Saturday, July 4, 2015

Self Downing Strategy: Ignoring

Thus far, I have been exploring how to challenge and alter your self downing thinking, in particular how it pertains to writing. Yet sometimes you don't want to get into all that emotional "work," or you just have not yet been able to alter the content of your thinking enough to make an impact, yet you still have to push forward and work.

Two strategies, if you can call them such, are ignoring and distracting.

I will write about ignoring first, and get to distraction another day.

While ignoring our thinking might not seem to be of value here, it actually can be quiet powerful and has some theoretical legs.

First, consider a few thousands of years of yogic practice and thought. I first became aware of the power of learning to ignore your thinking when I leaned to practice Hatha Yoga in the mid to late 1980s in San Francisco. During meditation, we were taught to focus on our breathing, and when thoughts came into our mind, we did not fight them, control them, or engage them. We simply "witnessed" them and allowed them to pass.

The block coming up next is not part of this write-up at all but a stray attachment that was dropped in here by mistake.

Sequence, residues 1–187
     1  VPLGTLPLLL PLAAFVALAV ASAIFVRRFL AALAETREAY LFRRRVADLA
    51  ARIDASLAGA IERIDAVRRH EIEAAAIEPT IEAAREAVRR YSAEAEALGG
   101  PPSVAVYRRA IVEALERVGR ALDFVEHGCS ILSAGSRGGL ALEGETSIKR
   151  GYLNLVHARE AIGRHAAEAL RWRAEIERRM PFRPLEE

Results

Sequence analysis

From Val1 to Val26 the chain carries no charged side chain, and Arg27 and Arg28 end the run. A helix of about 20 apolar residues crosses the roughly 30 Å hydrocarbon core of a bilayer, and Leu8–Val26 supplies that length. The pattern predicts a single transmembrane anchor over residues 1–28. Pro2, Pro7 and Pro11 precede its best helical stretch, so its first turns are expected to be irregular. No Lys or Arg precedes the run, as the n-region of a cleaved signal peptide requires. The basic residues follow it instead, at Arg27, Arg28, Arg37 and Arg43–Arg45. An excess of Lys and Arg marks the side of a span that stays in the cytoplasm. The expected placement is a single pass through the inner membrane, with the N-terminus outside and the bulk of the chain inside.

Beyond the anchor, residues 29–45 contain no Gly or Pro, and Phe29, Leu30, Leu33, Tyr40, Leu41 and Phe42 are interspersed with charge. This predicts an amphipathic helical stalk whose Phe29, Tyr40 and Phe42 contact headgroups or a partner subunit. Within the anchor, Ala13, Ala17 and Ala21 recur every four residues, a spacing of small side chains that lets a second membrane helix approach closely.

By coming to understand our thinking as something other than us, or beyond who we are, we learn that we can do several things with our thoughts. We can engage them, believe them, challenge them, or in this case, return to our breathing and let it go- ignore. Practice that. Actively think of something, hold these thoughts in your head for a while, and then actively follow your breath and allow your thinking to pass.

Viewing "ourselves" and our thinking as not being one and the same is part of many systems of change that rely on and facilitate mindfulness. On one level, mindfulness is about becoming witness to our various experiences and learning to choose where our attention goes. We attend to one thing fully and in the process ignore our own internal chatter.

You don't need to turn your thoughts to your breathing;  this is but one technique. Another method is to pat yourself on the head (literally, to concertize and embody the metaphor), and say to yourself " OK brain, you think what you want; I have work to do and am not paying attention to you while I am working." Of course, this takes a great deal of practice, yet consciously learning to disengage from our thinking and ignoring it is a powerful, powerful skill.

No comments:

Post a Comment